Supported by Hospice; now actively involved in its activities

Categories: People & Places.

Mr. Paul Owino, married and a father of three children is a psychosocial counselor who was diagnosed with leukemia, a disease that he has battled with for many years.

He has gone through a lot but through the mighty hand of God he is a jubilant victor whose story dates back to 2011.

His condition started in 2011 when he felt unwell with symptoms of general weakness and on/off joint pains that made him seek medical attention. He was then a farmer in Timboroa.

The health care facility he visited put him on pain killers and diclofenac tablets which he took for a long time.

In March 2013, he moved to Athi River to work as a supervisor in an excavation project.

On 1st June 2013, Labor Day that he decided to visit his family back home in Nakuru and while on this visit he started having symptoms similar to those he had previously.

Mr. Paul decided to visit Nakuru Provincial General Hospital (PGH) for medical advice on this recurring health condition.

He was referred to AMEC Laboratories LTD in Nakuru town for further tests whose results Mr. Paul presented back to the referring doctor for further advice.

The doctor referred him to another senior doctor who disclosed the results of the test to him.

“Paul, I have good and bad news for you but I have a feeling that you can handle this,” the doctor said to Paul.

The doctor continued, “According to the results, you could be having leukemia.” The delivery of this information proved hard for Paul to handle being a young man and the sole bread winner in his family.

He was counseled and informed that the illness could be managed. He was hopeful when the doctor told him that the discovered leukemia was manageable and that without this management, his chances of living were minimal.

The doctor referred him to Kenyatta National Hospital (KNH), a facility he accessed with difficulties in walking as a result of his deteriorating condition and little financial muscle.

Following a Bone Marrow Aspiration done at Nairobi Hospital, he was informed three days later that his condition is manageable.

Paul’s condition was managed at KNH and later referred to join Gee pap, a special medical program at Nairobi Hospital in collaboration with Max Foundation in USA that manages certain special condition.

The doctor later advised him to be seen at Nakuru Hospice for other symptom management.

All through, Paul was struggling with his illness alone. He went home but later developed worsening symptoms that led to admission and management through transfusion at Nakuru PGH.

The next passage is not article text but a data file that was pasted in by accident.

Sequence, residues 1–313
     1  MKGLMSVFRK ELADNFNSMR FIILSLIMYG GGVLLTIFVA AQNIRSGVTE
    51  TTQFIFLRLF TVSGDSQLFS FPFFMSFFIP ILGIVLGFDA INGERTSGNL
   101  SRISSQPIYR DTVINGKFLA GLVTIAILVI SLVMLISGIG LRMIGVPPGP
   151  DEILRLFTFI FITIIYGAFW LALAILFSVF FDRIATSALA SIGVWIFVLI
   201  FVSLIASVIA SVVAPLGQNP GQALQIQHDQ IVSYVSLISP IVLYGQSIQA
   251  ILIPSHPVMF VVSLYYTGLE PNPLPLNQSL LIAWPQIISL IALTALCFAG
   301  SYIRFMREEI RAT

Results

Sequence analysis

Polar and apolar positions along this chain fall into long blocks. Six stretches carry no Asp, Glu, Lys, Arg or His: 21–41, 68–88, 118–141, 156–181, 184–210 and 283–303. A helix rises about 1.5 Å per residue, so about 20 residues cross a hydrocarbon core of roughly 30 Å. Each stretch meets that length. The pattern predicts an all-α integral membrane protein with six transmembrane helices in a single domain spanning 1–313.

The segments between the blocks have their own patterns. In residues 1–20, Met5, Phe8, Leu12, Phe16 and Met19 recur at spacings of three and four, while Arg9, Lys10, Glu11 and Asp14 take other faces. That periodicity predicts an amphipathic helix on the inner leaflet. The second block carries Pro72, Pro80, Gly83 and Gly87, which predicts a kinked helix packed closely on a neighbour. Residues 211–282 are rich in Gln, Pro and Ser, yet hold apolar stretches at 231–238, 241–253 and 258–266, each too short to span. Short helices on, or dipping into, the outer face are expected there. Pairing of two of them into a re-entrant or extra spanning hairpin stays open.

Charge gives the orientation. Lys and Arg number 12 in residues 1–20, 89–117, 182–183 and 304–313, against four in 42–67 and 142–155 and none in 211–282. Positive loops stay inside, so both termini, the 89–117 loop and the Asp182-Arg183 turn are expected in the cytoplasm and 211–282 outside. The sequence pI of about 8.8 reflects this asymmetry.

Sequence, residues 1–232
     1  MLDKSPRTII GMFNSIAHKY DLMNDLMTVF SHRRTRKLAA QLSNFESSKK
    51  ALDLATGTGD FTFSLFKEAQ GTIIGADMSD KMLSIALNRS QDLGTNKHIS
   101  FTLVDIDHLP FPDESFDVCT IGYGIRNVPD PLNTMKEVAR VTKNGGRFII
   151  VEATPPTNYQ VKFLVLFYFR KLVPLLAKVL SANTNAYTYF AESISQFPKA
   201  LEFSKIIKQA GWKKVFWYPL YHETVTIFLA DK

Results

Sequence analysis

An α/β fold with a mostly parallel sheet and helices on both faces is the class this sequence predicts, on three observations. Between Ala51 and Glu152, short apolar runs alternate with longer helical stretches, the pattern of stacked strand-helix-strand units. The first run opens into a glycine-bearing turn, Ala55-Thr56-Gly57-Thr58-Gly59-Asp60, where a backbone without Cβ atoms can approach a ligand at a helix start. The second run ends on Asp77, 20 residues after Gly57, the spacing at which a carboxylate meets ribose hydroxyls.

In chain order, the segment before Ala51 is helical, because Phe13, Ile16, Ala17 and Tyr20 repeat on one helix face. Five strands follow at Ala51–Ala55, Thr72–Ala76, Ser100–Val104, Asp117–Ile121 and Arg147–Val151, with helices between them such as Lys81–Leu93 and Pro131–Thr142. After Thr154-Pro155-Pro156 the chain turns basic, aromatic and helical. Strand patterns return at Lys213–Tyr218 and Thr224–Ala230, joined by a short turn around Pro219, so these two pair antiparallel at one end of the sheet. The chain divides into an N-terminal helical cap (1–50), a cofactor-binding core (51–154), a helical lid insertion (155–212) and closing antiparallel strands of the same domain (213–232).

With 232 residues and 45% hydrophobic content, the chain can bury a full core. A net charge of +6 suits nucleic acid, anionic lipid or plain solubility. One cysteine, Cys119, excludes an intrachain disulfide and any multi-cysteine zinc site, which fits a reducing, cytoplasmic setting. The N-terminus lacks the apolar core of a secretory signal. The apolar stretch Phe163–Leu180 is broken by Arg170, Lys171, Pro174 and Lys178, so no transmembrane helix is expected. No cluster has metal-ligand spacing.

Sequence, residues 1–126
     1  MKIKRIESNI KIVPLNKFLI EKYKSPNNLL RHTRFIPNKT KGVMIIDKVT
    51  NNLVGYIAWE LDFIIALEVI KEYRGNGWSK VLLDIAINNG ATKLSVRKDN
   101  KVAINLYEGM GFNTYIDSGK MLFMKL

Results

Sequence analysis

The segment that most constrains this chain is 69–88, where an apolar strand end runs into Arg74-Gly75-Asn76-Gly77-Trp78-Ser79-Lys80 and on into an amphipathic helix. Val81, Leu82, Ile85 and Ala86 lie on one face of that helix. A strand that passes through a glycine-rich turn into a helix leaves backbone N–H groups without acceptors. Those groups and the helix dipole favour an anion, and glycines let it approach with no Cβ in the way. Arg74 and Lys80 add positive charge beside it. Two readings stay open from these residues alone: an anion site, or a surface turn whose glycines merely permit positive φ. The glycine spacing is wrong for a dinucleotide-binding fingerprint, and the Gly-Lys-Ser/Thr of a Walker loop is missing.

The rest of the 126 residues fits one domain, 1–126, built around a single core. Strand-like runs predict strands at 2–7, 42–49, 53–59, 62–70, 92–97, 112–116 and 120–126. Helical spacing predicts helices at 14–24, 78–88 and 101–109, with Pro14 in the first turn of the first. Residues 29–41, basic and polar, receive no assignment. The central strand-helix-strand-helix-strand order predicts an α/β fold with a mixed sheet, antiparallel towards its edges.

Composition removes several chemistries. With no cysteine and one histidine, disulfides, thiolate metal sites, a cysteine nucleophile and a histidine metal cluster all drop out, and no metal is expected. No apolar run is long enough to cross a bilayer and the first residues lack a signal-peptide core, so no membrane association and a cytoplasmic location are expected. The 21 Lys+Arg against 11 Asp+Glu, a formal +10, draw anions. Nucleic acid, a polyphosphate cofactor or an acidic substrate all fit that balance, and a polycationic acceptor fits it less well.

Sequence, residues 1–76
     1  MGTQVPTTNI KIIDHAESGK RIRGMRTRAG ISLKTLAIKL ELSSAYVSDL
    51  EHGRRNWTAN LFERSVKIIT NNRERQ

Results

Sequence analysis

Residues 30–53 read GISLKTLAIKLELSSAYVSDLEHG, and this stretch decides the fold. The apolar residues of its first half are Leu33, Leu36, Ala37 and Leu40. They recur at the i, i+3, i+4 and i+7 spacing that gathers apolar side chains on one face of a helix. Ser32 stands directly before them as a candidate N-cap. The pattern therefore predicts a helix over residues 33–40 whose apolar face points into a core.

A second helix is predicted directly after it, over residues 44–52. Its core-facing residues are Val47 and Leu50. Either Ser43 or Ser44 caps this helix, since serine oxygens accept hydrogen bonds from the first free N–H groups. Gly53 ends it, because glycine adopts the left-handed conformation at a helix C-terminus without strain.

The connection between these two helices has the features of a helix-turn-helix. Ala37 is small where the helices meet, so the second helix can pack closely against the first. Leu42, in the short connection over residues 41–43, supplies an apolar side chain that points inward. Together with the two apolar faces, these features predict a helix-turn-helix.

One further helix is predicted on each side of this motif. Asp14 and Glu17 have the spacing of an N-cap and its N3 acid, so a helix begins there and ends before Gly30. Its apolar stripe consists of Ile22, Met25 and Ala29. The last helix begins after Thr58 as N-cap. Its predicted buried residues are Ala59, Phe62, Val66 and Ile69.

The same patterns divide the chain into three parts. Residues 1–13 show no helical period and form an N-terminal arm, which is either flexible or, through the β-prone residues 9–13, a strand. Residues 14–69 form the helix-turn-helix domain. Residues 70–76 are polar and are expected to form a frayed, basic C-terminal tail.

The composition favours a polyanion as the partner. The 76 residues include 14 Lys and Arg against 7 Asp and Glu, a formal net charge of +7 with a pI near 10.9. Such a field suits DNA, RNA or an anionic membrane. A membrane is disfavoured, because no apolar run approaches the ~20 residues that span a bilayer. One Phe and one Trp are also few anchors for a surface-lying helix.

Despite the side effects from the drugs he was taking and the nutritional problems due to lack of appetite as he vomited at times, his health improved.

He later joined the Nakuru Hospice family in October 2013, where he has received the necessary support that include pain management, symptoms control, psychosocial and spiritual support.

“This support has given me great hope for a better tomorrow,” says Paul.

Though there are many challenges he has encountered through this journey, he says the financial challenge was the greatest being the head of a young family and the sole bread winner.

Paul has a son in high school with school fees pressure and other basic needs while others children are in primary schools. He also has to buy drugs to support him.

Currently he has no source of income but lives to look for means of feeding the family despite his condition which has since improved while his wife works harder in a small business to top up their income and ensure life continues.

He says that attending day care activities at the Hospice makes him feel that he is not alone in this journey. “The Hospice staff has been very supportive, friendly and this makes me feel at home,” he says adding that this is one thing that makes him hopeful and feels life is worth living.

Paul has become an inspiration to other cancer patients especially those newly diagnosed as he encourages then that cancer is not a death sentence rather there’s always a better tomorrow. “A positive living with any condition is always promising,” he says.

He has been very active in Hospice activities. No one can believed that Paul is a cancer survivor. When he gave his testimony in a recent charity event, he moved many to tears as his story of struggle needs a person of strong will.

It is through well wishers from Kenya and beyond that Nakuru Hospice is able to offer quality palliative care to many like Paul.

Nakuru Hospice appreciates when they see all their cancer survivors active, strong and enjoying as their quality of life is improved to face challenges in life and live positively.

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